Feeds

Lloyd's taking on open source IP risk

Blue blood for new blood

3 Big data security analytics techniques

Exclusive Lloyd's of London is close to offering independent insurance protection worldwide against potential IP litigation involving Linux and open source software. The financial services giant has agreed to take on the risk associated with open source, and is finalizing arrangements to work through Open Source Risk Management (OSRM) who will become Lloyd's sole US representative.

OSRM will assess both the risk of the software in use and the individual company, before passing on the risk to the appropriate insurance company on the Lloyds market. OSRM expects to announce the first customers this Fall, and will initially charge organizations $60 per server.

The partnership between OSRM and Lloyd's will be vendor independent, differing from many of the existing intellectual property (IP) protection programs that are primarily designed to ward off attack from the litigous SCO Group.

Red Hat, Hewlett Packard and Novell in January 2004 all announced separate protection for customers using their Linux products. JBoss in April this year announced indemnification for its middleware, including JBoss application sever, Cache and Hibernate object relational mapping technology.

The type of coverage provided by Lloyd's also promises to be substantially larger than vendor-backed programs thanks to Lloyds' size and capital backing.

"This is a huge step," OSRM chairman Daniel Egger told The Register.

OSRM first announced plans for indemnification with backing from major financial institutions in March 2004. The group was expected to provide the service shortly afterwards in 2004, but Egger said the program had been complicated to arrange.

"We have lined up the capacity. We have the exclusive right to begin to offer this risk category and we have the customers who want the cover," he said.

An OSRM study found 15,000 patent issues in the Linux, Apache, MySQL and Perl/Python (LAMP) stack. While OSRM believes Linux and open source are, on the whole, safe from IP claims their increasing use by large companies opens the door to suits from those hoping to simply cash in.

Arguably, one of the worst-case scenarios is the so-called "colorable case" - where there is no substance to an IP claim, but a company is forced to waste millions of dollars to defend the claim or settles early for a large sum to make the case go away. The average US patent action is estimated to cost $2m, according to the American Intellectual Property Lawyers' Association.

Those likely to threaten companies and users are commercial software vendors and a growing number of specialist organizations that buy IP patents in order to charge users for their use.

"There is a risk, but it's a material risk," Egger said of Linux and open source. "We are trying to make sure we are not exposing corporates to risk that makes using Linux uneconomic."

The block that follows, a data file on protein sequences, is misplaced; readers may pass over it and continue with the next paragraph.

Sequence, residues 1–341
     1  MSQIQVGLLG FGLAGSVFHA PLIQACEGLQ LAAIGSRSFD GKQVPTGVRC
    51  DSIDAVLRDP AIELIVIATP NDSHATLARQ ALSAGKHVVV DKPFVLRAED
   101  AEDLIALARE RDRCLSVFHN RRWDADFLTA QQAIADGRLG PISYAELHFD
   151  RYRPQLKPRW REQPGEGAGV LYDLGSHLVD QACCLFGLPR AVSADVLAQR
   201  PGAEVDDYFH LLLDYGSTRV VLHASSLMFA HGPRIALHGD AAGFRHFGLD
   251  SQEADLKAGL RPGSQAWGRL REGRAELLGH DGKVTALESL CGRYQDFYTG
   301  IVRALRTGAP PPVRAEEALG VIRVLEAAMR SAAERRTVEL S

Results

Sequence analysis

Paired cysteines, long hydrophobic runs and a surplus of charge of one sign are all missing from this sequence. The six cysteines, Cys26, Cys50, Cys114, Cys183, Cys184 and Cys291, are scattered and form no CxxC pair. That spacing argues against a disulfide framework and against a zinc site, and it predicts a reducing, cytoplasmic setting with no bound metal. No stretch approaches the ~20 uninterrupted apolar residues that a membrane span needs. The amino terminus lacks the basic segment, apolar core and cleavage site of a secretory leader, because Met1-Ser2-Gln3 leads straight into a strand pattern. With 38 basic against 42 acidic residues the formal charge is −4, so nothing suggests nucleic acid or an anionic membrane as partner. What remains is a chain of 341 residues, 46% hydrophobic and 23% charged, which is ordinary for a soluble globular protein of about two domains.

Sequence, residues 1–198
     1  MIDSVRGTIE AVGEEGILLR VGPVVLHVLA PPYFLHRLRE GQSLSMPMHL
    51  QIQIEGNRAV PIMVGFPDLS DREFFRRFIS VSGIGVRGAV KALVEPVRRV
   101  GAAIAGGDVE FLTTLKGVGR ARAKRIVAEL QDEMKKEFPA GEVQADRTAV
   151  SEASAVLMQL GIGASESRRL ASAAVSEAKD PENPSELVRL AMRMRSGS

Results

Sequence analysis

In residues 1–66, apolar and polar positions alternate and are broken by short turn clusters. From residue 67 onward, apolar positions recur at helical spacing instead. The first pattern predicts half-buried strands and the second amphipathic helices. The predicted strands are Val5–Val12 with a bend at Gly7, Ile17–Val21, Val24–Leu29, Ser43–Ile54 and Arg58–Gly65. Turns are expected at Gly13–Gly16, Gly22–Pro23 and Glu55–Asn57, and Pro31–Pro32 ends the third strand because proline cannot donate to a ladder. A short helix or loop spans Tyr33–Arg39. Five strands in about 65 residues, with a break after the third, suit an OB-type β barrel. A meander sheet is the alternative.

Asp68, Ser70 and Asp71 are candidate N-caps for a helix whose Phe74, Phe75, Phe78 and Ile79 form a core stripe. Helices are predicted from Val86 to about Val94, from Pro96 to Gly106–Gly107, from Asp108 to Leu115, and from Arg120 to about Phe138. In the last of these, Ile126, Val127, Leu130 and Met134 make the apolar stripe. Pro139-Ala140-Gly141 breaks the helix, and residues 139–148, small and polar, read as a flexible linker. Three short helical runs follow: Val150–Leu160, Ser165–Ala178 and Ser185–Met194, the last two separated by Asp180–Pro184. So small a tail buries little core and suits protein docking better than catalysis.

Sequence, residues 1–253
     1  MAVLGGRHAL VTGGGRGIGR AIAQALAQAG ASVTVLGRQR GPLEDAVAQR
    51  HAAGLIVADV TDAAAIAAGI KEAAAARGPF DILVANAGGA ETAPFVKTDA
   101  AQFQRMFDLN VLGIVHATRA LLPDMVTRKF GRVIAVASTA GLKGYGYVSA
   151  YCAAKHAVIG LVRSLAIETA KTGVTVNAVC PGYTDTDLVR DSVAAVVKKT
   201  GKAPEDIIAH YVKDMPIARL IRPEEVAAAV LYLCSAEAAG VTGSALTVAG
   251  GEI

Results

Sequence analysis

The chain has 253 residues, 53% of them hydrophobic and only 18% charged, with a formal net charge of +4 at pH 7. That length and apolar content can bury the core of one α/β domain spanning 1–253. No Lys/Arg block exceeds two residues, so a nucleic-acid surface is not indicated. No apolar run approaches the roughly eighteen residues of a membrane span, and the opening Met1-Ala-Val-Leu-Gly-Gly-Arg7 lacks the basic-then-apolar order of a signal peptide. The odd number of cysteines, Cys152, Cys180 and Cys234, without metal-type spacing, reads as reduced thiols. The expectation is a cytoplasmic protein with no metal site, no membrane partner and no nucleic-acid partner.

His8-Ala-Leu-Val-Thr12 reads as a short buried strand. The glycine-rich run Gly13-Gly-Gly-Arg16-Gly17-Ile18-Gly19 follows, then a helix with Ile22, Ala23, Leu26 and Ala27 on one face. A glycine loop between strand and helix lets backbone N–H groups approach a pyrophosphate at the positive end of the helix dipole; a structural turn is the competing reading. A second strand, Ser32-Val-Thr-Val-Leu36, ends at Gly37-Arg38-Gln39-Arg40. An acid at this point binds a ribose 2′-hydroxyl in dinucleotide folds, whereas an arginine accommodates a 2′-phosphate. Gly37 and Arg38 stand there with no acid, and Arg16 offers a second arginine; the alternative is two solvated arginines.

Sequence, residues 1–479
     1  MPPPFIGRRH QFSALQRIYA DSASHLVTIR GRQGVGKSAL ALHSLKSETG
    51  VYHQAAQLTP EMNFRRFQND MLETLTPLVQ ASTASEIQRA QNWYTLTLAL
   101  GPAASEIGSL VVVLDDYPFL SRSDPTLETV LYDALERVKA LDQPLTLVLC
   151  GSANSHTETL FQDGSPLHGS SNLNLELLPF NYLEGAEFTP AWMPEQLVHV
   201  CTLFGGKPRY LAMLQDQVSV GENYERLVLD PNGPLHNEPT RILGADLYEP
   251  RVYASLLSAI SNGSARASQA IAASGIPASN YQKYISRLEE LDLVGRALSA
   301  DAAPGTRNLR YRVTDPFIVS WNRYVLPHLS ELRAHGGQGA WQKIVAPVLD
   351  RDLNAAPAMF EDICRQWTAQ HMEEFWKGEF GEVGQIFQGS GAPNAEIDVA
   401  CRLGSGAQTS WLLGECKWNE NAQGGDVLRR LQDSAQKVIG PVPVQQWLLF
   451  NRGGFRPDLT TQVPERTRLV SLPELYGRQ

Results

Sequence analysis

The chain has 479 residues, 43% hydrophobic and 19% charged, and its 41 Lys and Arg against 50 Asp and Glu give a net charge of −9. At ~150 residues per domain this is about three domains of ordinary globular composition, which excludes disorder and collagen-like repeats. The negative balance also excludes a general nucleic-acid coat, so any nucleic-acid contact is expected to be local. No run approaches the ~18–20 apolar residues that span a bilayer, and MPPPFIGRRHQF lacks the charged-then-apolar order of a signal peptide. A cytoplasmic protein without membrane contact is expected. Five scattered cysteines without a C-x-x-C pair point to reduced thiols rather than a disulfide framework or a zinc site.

Today's vendor-backed plans are unable to provide full protection because they cannot risk protecting parts of the software stack they did not write, he argues. That's a potential issue for organizations with the full Linux, Apache, MySQL and Perl/Python stack develped by different companies.

"Our long-term goal is to get to a standardized policy," Eggers said. ®

SANS - Survey on application security programs

More from The Register

next story
This time it's 'Personal': new Office 365 sub covers just two devices
Redmond also brings Office into Google's back yard
Batten down the hatches, Ubuntu 14.04 LTS due in TWO DAYS
Admins dab straining server brows in advance of Trusty Tahr's long-term support landing
Microsoft lobs pre-release Windows Phone 8.1 at devs who dare
App makers can load it before anyone else, but if they do they're stuck with it
Half of Twitter's 'active users' are SILENT STALKERS
Nearly 50% have NEVER tweeted a word
Internet-of-stuff startup dumps NoSQL for ... SQL?
NoSQL taste great at first but lacks proper nutrients, says startup cloud whiz
Windows 8.1, which you probably haven't upgraded to yet, ALREADY OBSOLETE
Pre-Update versions of new Windows version will no longer support patches
Microsoft TIER SMEAR changes app prices whether devs ask or not
Some go up, some go down, Redmond goes silent
Red Hat to ship RHEL 7 release candidate with a taste of container tech
Grab 'near-final' version of next Enterprise Linux next week
Ditch the sync, paddle in the Streem: Upstart offers syncless sharing
Upload, delete and carry on sharing afterwards?
prev story

Whitepapers

Designing a defence for mobile apps
In this whitepaper learn the various considerations for defending mobile applications; from the mobile application architecture itself to the myriad testing technologies needed to properly assess mobile applications risk.
3 Big data security analytics techniques
Applying these Big Data security analytics techniques can help you make your business safer by detecting attacks early, before significant damage is done.
Five 3D headsets to be won!
We were so impressed by the Durovis Dive headset we’ve asked the company to give some away to Reg readers.
The benefits of software based PBX
Why you should break free from your proprietary PBX and how to leverage your existing server hardware.
Securing web applications made simple and scalable
In this whitepaper learn how automated security testing can provide a simple and scalable way to protect your web applications.